Members of Congress are now pushing for public and private censorship on the internet and in other forums. They are being joined by an unprecedented alliance of academics, writers and activists calling for everything from censorship to incarceration to blacklists. For example, an article published in The Atlantic by Harvard law professor Jack Goldsmith and University of Arizona law professor Andrew Keane Woods called for Chinese-style censorship of the internet, stating that “in the great debate of the past two decades about freedom versus control of the network, China was largely right and the United States was largely wrong.”
Much of the effort by politicians and activists has been directed at using Big Tech to censor or bar opposing viewpoints, seeking to achieve indirectly what cannot be achieved directly in curtailing free speech. Congress could never engage in this type of raw content discrimination between news organizations under the First Amendment.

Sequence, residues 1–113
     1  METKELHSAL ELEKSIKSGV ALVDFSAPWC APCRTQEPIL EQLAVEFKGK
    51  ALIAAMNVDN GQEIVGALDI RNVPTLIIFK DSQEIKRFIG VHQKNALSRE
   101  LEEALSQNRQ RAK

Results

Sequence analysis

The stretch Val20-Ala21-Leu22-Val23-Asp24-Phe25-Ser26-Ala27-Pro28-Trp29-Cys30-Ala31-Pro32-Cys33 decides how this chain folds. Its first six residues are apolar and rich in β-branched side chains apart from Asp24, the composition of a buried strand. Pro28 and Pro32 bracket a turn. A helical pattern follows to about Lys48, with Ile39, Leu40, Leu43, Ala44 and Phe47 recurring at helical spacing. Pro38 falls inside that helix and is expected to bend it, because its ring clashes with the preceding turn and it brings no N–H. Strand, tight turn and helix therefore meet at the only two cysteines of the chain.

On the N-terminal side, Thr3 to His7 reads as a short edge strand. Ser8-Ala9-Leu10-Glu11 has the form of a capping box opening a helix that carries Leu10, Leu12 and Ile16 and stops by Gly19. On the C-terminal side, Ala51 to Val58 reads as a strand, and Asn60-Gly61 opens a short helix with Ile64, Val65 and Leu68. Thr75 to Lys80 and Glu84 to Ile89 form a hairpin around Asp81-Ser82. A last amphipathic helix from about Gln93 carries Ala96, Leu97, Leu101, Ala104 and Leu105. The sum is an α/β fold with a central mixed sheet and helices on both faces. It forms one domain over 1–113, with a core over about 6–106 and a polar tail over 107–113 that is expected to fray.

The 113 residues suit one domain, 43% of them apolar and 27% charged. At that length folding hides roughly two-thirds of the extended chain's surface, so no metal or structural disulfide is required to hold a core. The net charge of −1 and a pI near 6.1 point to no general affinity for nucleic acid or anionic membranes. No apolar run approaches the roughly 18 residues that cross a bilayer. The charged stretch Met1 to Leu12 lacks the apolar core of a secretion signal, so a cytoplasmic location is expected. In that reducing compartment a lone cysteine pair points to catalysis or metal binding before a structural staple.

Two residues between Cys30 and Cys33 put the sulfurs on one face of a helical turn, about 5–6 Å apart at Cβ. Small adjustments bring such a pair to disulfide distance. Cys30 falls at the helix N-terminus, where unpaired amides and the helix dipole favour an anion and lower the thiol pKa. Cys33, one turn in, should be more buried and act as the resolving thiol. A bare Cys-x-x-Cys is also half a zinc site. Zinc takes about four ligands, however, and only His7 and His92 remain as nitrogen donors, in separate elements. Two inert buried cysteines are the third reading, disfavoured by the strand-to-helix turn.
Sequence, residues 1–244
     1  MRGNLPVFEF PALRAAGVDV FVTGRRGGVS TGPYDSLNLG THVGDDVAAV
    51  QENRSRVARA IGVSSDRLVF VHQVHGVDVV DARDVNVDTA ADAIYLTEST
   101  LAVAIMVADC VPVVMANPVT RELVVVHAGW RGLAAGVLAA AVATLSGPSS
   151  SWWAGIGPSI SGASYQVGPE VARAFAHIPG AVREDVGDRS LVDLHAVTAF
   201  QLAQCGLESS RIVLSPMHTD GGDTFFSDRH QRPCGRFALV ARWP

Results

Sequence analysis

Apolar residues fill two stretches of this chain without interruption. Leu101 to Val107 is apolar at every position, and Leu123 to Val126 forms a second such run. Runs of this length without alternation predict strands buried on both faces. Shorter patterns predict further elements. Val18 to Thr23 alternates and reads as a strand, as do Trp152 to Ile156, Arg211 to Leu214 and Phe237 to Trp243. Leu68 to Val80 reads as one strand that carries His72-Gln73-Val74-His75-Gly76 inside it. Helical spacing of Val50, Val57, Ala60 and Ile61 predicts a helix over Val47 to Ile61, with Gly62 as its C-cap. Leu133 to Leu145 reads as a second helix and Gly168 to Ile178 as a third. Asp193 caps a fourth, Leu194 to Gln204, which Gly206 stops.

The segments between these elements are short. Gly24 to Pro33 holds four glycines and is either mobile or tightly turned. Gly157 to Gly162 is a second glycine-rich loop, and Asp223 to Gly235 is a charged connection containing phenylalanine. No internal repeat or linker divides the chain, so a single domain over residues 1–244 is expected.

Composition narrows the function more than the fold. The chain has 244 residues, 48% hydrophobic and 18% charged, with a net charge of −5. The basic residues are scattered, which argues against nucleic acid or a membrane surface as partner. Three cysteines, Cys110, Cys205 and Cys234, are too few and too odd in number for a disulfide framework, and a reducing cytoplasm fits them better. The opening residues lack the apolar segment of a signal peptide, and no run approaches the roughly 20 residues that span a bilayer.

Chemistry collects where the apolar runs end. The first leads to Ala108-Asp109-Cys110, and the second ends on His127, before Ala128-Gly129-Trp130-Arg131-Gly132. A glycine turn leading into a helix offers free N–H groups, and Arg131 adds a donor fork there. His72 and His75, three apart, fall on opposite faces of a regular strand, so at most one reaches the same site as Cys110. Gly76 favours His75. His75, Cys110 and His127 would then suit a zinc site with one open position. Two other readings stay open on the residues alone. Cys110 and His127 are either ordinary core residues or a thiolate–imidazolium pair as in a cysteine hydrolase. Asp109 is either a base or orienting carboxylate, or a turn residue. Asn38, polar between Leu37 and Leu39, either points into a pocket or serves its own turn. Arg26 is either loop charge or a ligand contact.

However, it can use its influence on private companies to limit free speech. The move makes obvious sense if the desire is to shape and control opinion — the essence of state-controlled media. Controlling speech on certain platforms is meaningless if citizens can still hear opposing views from other sources. You must not only control the narrative but also eliminate alternatives to it.